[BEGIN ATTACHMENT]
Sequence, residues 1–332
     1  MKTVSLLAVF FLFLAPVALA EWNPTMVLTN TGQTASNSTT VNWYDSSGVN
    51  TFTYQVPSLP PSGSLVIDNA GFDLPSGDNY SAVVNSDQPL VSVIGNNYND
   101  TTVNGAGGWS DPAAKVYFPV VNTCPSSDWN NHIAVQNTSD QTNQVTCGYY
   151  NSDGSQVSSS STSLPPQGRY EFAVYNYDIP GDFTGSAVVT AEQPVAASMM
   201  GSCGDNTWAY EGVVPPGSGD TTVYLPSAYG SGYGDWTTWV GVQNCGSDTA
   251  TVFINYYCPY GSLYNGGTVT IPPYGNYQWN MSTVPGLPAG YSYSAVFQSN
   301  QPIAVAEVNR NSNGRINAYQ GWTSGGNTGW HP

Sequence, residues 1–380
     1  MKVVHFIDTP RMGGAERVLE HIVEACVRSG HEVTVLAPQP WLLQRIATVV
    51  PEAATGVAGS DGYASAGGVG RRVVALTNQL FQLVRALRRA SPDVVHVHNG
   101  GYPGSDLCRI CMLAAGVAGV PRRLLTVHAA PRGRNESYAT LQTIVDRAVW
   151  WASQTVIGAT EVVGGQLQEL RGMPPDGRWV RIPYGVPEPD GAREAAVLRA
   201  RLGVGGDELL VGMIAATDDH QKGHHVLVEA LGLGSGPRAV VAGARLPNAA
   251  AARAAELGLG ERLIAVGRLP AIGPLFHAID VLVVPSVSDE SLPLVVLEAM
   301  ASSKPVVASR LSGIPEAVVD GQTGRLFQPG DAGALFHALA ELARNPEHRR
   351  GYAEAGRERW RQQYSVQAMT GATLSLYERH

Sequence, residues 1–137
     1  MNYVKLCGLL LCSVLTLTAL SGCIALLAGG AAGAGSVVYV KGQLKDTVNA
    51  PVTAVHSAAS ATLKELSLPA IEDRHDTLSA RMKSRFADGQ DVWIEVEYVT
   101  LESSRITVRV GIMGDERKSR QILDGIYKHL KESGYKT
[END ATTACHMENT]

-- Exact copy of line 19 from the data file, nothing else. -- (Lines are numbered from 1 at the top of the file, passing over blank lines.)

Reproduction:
     1  MNYVKLCGLL LCSVLTLTAL SGCIALLAGG AAGAGSVVYV KGQLKDTVNA